Outgoing Egyptian culture minister Farouk Hosny has declared that Jewish artefacts could be displayed in an Egyptian synagogue. The Egyptian daily Masry al-Yom carried the story (with thanks: Roger).
This is the first time that a senior Egyptian government figure has publically welcomed an idea which the association Nebi Daniel, whose aim is to safeguard Egypt's Jewish heritage, has been pushing for some years. There were not enough artefacts for a Jewish museum, however, the minister said.
Speaking to members of an Egyptian-British business association, the minister said: "Egypt has never been biased against any religion. Instead, it has accepted all religions and Jewish (sic) have been on this land since the Pharaohs. We accept Jews' thought, religion, heritage and civilization away from politics, as politics have nothing to do with civilizations."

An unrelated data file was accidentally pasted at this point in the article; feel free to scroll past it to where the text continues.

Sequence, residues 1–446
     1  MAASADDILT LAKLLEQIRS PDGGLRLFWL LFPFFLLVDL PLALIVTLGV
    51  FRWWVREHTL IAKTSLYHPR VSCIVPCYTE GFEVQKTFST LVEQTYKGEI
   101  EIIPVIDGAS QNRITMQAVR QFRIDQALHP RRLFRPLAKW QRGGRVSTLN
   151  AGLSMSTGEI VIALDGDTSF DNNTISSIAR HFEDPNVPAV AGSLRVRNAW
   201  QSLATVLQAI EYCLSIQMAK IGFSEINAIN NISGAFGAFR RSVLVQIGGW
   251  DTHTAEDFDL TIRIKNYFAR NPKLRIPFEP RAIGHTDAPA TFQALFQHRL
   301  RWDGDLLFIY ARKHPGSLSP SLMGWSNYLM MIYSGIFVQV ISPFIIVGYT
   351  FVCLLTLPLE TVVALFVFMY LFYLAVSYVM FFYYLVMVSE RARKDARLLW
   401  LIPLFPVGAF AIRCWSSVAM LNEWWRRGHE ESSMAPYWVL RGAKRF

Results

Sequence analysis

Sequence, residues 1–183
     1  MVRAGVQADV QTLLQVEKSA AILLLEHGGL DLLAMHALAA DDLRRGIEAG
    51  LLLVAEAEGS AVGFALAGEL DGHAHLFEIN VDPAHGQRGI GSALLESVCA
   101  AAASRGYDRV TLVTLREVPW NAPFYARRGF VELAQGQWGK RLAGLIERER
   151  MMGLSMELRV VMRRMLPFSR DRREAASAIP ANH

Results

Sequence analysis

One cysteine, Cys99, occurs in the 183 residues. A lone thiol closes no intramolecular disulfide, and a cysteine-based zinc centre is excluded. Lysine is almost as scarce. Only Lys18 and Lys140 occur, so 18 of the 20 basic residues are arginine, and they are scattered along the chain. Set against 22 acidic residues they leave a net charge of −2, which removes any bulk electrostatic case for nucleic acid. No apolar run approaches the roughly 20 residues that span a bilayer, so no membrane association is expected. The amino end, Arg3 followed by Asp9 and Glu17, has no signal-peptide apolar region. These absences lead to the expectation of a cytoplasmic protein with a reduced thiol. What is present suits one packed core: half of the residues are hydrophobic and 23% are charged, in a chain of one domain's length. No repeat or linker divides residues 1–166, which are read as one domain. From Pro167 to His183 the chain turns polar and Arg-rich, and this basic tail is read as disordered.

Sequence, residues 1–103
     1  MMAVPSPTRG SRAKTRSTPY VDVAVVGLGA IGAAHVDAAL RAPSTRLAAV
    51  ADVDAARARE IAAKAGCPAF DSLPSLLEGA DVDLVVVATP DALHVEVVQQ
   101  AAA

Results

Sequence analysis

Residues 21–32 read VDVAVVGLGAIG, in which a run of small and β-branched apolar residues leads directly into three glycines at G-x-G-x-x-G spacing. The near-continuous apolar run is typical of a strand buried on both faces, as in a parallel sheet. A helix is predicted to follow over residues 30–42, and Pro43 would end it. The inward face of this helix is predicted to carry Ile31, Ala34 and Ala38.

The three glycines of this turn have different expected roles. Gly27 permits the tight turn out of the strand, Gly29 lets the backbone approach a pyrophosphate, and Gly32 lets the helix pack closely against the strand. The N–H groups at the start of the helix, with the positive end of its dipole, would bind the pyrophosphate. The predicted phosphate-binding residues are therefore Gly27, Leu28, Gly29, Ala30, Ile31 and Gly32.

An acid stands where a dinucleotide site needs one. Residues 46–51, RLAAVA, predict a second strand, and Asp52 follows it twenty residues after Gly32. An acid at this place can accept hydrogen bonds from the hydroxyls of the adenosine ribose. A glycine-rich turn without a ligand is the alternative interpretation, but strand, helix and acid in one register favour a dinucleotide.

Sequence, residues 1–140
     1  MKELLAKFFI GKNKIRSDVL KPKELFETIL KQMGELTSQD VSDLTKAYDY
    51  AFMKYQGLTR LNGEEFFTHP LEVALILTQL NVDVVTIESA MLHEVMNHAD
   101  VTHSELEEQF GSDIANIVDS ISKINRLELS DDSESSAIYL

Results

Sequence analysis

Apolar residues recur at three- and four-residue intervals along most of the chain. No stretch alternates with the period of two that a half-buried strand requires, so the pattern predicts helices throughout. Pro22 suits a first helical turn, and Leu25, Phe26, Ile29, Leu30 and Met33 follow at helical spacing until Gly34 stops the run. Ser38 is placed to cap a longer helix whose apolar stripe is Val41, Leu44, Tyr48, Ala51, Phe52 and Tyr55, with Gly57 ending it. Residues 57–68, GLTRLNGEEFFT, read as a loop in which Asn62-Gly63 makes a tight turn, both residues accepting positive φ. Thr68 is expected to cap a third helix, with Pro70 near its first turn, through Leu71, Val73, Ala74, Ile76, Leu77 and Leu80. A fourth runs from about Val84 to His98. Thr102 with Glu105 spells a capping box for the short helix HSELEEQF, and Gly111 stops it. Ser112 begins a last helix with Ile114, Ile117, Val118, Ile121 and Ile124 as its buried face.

In the name of 'cultural diversification and acceptance of the Other', Hosny even went as far as to call for 'non-divine' religions to be accepted. "This is part of freedom of religion and if we reject them we are ignorant and backward," he said. Presumably he was referring to religions such as Buddhism, currently not recognised by the Egyptian state, unlike Judaism and Christianity. The minister has not tried to encourage cultural ties with Israel, however.
Farouk Hosny, an artist who has been Egyptian cultural minister since 1987, is a candidate for the post of Director-General of UNESCO, but has earned a reputation for controversial remarks. Jewish organisations questioned his suitability (see here and here) for UNESCO after Hosny had allegedly called for the burning of Israeli books in Egypt. He has since claimed that he used a turn of phrase which was misinterpreted.
Hosny is a strong contender to be appointed to the UNESCO post now that a Moroccan candidate has bowed out.